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Capture midi messages in Processing during playback

The 2nd midi in Processing example will use the Receiver interface to capture all the midi messages during the playback of a midi file. The program uses the custom GetMidi class to implement the Receiver interface. During the playback, it will display the NOTE_ON message with information of channel, octave and note.

The source code of the example is also in the Magicandlove GitHub repository.

Sample Processing screen during midi playback

Using midi in Processing for playback

This is my first use of midi in Processing. I do not use the MidiBus library for Processing. Instead, I try to use the standard midi package in Java. The SE8 standard Java package also contains the javadoc documentation.

Screenshot of the Processing sketch

The Processing source code and sample midi files are in the Magicandlove GitHub repository. The midi example files are downloaded from the midiworld website.

The code basically needs a Synthesizer class to render midi instruments into audio and a Sequencer class to playback the midi sequence.

Synthesizer synth = MidiSystem.getSynthesizer();
Sequencer player = MidiSystem.getSequencer();;;

All the midi music files are in the data folder of the Processing sketch. To playback each piece of midi music, we need to convert each into a Java File object and use the following code to playback it. The variable f is a File object instance containing the midi file in the data folder.

Sequence music = MidiSystem.getSequence(f);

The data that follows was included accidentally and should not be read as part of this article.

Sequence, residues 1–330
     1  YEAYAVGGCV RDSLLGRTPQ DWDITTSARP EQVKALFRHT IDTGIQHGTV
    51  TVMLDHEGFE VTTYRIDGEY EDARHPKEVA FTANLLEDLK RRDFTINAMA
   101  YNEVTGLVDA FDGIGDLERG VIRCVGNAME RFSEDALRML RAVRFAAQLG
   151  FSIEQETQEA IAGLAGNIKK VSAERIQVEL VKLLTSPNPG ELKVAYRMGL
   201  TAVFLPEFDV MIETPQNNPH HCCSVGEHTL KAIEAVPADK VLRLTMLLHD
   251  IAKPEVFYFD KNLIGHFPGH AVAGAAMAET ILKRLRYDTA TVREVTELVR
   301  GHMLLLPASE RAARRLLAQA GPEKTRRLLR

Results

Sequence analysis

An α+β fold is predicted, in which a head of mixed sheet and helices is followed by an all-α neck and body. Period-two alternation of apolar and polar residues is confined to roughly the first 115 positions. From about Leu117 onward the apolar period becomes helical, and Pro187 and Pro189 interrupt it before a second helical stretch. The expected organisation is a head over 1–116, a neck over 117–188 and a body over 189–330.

First try of P5 and OpenCV JS in Electron

This is my first try of the p5.js together with the official release of OpenCV JavaScript. I decided not to use any browsers and experimented with the integration in the Electron environment with Node.js. The first experiment is a simple image processing application using Canny edge detector. The IDE I choose to work on is the free Visual Studio Code and which is also available in multiple OS platforms. I have tested both in Windows 10 and Mac OSX Mojave. In Mac OSX, I first install the Node.js with Homebrew.

brew update
brew install node

Then I install the Electron as a global package with npm.

npm install -g electron

For the Visual Studio Code, I also include the JavaScript support and the ESLint plugin. The next step is to download the p5.js and p5.dom.js code from the p5.js website to your local folder. I put them into a libs folder outside of my application folders. For OpenCV, it actually includes the pre-built opencv.js from its documentation repository. The version I used here is 3.4.3. The only documentation I can find for OpenCV JS is this tutorial.

For each of the Node.js application, you can initialise it with the following command in its folder. Alternately, you can also do it within the Terminal window from Visual Studio Code. Fill in the details when prompted.

npm init

In Visual Studio Code, you have to add a configuration to use the electron command to run the main program, main.js, rather than using the default node command. After adding the configuration, it will generate the launch.json file like the following,